About 20 Israeli cryptocurrency executives were asked to pay digital currency after their phones had been hacked and their identity was stolen in a unique and concerning cyberattack that took place at the beginning of September.
The failed attack, being reported here for the first time, was carried out by a sophisticated team that may have been state-sponsored. It also involved a major telecom company, a cyber firm called Pandora and perhaps even the Israeli Shin Bet. We can also reveal for the first time that the Mossad and Israel’s National Cyber Security Authority were involved in the investigation.
“On September 7 we were approached by a new client, a deputy chief financial officer of a company who said his mobile phone had been hacked during the night, and that his Telegram account and perhaps other accounts had been breached,” says Tzahi Ganot, co-founder of Pandora Security, a cyber consulting company specializing in protection for executives in sensitive positions.
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“The hackers sent messages to this man’s contacts from his Telegram account in his name and asked them to send cryptocurrency,” Ganot says.
“We sent the executive a price offer and I tried to figure out with my partner how his phone had been hacked – whether it was by a duplication of his SIM card or by installing a malware application onto his phone.”
Taking over a Telegram or Whatsapp account is possible, but no simple task, he said. “We sent a report of the case to our clients and to a few digital currency groups we are members of.
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“I went to sleep and the next morning I was flooded with messages from people I know and from some I don’t, all with similar complaints of being hacked.”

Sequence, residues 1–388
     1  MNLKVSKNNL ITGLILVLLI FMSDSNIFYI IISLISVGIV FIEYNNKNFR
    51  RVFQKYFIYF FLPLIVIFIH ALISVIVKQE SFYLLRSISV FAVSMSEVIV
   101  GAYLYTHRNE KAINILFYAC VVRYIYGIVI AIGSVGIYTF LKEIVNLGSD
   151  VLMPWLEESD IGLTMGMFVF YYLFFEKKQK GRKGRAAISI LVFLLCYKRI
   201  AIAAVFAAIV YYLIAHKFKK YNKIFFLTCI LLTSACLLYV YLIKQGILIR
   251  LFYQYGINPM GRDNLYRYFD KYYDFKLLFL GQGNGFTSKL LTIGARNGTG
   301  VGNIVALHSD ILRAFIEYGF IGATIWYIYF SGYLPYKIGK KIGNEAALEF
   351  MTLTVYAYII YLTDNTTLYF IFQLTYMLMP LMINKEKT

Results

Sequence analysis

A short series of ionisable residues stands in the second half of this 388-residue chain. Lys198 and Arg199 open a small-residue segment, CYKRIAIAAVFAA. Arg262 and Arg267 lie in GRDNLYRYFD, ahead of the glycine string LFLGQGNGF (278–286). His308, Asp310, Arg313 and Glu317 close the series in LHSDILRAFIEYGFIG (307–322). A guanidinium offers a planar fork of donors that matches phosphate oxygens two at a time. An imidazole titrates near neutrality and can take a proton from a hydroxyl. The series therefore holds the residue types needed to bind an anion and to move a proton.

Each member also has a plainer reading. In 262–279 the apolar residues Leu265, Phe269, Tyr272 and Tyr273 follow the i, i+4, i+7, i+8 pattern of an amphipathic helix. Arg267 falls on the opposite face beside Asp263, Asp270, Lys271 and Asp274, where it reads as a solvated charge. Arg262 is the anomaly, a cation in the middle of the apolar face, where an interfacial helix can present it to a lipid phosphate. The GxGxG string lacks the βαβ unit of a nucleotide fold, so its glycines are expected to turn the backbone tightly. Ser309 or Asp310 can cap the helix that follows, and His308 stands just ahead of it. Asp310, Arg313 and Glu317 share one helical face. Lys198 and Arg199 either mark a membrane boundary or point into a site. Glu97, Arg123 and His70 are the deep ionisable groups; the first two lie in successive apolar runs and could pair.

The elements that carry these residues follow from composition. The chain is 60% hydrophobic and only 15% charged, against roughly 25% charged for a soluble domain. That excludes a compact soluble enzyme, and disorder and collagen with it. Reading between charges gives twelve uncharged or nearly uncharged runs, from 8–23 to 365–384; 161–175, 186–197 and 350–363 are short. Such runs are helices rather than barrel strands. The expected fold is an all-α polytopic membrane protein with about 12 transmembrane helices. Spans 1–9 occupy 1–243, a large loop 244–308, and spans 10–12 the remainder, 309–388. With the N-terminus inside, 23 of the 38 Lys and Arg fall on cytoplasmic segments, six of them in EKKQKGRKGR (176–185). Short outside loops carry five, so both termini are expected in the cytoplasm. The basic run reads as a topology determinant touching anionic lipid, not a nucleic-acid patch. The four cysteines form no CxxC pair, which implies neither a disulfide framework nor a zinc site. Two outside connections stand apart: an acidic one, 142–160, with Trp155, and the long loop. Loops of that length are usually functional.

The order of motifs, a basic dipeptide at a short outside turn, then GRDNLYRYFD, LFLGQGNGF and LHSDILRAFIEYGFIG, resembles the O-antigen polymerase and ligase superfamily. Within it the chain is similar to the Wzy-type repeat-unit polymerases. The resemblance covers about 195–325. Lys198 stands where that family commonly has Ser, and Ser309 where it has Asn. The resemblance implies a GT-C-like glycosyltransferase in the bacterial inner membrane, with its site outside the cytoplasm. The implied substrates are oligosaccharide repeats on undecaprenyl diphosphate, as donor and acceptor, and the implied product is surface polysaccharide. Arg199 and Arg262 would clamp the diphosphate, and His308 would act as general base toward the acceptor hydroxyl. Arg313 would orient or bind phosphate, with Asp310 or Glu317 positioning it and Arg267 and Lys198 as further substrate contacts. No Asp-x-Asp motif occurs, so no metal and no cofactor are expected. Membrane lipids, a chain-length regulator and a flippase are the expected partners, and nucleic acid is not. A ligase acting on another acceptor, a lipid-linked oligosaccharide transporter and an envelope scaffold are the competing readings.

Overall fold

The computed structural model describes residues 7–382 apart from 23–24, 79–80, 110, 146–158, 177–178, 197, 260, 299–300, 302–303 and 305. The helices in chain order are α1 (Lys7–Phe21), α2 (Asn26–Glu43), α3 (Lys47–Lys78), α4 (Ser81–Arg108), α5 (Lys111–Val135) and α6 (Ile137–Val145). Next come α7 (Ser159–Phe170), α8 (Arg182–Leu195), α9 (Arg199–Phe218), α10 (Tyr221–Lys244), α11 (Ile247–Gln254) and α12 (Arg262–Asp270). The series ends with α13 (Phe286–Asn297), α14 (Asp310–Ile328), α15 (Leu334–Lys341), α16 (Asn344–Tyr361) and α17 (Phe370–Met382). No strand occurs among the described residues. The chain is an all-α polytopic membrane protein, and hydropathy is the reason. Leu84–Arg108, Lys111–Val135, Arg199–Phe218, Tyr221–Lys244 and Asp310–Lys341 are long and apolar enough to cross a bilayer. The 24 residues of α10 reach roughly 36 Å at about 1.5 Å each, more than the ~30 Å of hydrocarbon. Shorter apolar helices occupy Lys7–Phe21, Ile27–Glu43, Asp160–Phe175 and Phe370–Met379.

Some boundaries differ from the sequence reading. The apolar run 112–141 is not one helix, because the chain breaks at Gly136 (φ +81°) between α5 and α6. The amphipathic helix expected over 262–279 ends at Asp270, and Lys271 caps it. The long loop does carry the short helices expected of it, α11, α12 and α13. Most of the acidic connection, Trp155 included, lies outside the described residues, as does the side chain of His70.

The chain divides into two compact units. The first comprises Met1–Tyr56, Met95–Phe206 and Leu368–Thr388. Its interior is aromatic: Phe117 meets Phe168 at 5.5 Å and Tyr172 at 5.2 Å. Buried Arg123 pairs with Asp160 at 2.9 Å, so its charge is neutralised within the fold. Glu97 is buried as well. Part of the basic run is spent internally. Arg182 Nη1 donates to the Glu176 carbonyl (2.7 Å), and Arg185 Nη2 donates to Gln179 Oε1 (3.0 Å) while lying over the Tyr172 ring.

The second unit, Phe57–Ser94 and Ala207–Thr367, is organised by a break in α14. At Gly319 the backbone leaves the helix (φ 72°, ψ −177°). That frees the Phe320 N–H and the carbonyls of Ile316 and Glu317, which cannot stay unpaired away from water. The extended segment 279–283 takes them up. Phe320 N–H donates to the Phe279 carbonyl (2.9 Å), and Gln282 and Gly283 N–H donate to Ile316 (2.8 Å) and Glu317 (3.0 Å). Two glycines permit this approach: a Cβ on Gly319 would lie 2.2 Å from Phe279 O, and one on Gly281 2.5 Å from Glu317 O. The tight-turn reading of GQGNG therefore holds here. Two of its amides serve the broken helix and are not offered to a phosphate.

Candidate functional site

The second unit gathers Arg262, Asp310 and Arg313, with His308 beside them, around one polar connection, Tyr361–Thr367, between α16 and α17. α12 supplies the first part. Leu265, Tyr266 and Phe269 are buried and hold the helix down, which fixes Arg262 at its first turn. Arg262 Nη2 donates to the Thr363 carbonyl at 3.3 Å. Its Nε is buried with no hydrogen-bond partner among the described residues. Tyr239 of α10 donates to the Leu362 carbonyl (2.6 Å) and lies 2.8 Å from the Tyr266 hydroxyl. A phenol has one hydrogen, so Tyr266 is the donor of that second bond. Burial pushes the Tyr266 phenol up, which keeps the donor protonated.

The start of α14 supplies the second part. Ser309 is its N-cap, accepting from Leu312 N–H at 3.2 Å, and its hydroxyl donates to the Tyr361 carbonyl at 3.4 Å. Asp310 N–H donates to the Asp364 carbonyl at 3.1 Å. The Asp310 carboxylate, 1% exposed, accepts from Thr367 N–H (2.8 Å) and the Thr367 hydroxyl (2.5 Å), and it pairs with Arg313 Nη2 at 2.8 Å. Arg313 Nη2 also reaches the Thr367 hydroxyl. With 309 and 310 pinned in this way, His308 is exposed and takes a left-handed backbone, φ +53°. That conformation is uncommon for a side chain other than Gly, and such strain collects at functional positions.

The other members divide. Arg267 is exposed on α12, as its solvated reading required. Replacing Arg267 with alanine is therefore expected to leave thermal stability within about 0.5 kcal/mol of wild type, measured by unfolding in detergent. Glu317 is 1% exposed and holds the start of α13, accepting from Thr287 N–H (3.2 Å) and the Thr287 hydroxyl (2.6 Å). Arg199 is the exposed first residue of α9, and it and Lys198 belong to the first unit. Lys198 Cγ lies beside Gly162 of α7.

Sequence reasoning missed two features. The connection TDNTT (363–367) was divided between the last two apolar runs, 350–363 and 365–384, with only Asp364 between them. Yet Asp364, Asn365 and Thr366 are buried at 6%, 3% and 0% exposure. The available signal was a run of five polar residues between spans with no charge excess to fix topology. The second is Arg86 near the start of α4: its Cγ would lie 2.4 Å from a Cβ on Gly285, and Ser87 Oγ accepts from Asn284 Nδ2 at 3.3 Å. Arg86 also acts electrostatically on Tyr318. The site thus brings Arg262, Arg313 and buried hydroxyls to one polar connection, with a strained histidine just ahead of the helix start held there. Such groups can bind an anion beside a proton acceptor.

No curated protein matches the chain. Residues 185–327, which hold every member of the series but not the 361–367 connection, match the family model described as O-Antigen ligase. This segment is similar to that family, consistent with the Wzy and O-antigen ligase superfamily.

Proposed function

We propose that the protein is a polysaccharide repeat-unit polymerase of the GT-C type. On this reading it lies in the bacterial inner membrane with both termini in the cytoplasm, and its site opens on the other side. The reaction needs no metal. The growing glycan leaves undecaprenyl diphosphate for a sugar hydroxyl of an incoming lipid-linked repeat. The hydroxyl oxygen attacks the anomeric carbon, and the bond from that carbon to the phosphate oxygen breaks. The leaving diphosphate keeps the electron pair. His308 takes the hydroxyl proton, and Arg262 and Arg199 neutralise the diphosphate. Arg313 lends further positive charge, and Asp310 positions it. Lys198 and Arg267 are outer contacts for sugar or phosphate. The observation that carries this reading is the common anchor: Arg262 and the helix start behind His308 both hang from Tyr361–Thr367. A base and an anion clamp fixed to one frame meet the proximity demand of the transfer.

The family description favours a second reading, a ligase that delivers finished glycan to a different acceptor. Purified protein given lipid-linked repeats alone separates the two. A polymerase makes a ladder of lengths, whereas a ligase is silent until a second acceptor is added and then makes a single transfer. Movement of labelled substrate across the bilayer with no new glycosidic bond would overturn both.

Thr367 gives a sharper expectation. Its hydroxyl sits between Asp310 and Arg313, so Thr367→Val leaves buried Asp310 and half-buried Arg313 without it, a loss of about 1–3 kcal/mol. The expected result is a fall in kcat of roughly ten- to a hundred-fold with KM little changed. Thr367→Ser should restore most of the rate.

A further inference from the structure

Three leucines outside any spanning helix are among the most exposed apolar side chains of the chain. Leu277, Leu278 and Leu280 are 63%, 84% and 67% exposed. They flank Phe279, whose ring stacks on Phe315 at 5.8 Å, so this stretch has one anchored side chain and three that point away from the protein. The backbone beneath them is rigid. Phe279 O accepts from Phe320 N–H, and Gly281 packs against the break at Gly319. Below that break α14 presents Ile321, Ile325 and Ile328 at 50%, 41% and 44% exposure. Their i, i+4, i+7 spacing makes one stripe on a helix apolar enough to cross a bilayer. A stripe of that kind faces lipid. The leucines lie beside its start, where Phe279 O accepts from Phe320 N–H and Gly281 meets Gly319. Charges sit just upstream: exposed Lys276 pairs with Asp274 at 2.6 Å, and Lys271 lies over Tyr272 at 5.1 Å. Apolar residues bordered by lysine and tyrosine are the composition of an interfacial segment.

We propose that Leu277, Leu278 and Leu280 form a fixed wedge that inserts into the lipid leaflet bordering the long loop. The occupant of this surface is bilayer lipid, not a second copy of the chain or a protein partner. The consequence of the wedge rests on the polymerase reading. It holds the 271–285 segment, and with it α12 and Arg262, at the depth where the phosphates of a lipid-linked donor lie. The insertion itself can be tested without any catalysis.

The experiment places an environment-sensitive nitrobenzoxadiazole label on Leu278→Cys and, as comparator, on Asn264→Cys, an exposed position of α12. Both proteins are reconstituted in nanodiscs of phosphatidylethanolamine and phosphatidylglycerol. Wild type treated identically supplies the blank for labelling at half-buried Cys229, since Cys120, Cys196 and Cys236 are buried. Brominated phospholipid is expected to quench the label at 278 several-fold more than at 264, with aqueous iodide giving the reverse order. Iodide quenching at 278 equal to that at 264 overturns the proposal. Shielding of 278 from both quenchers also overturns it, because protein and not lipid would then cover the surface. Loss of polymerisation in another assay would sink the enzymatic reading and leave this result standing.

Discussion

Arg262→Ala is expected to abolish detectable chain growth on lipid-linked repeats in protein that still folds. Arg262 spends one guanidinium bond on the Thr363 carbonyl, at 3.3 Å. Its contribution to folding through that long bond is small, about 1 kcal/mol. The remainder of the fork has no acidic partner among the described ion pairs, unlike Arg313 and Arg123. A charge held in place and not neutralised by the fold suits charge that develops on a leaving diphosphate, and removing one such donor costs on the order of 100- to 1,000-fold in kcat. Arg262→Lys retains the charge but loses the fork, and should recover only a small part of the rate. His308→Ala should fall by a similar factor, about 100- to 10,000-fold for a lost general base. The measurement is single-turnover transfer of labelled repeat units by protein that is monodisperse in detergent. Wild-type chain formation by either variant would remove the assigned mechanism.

“Altogether there were about 20 victims, all CEOs and vice CEOs who run digital currency projects. In many of the cases, their Telegram apps had been hacked, but in others it was their Gmail and Yahoo mail accounts.
“In all the cases, the identity theft used the phone to conduct a user verification process with the help of SMS - and in all cases, the victims were clients of [Israeli telecommunications giant] Partner,” he says.
Numerous digital services allow entry or renewing passwords through SMS verification. If the client has difficulty entering the account, they receive a temporary code by SMS and use it to enter the service and replace their password. An SMS message is seen as private and relatively safe, he says.
However, in this case, it seems the attackers found a way to hijack SMS messages sent by Partner. “Stealing a user’s SMS messages is not simple and isn’t supposed to be accessible to private individuals,” says Ganot, who before founding Pandora worked in NSO for a few years with his partner.
“Theoretically it’s possible, but the hacker must be physically close to their target, so it’s hard to believe there’s a person wandering around Tel Aviv and getting close to so many people without being caught by the Shin Bet. Also, there’s the weird part that all the victims are clients of Partner,” he says.
Pandora’s investigation revealed that the incident was most likely what is termed an SMSC spoofing attack, explains Ganot. In this kind of attack, which uses a phone’s roaming function, hackers need access to some cellular network in the world that interacts with Israeli cellular networks, he says.
“It’s a rare assault. The hackers send a message from a foreign cell network to an Israeli one, updating the client’s location. For example: ‘The client has just landed in Tbilisi, he has registered with our network. Please route his SMS messages via this network.’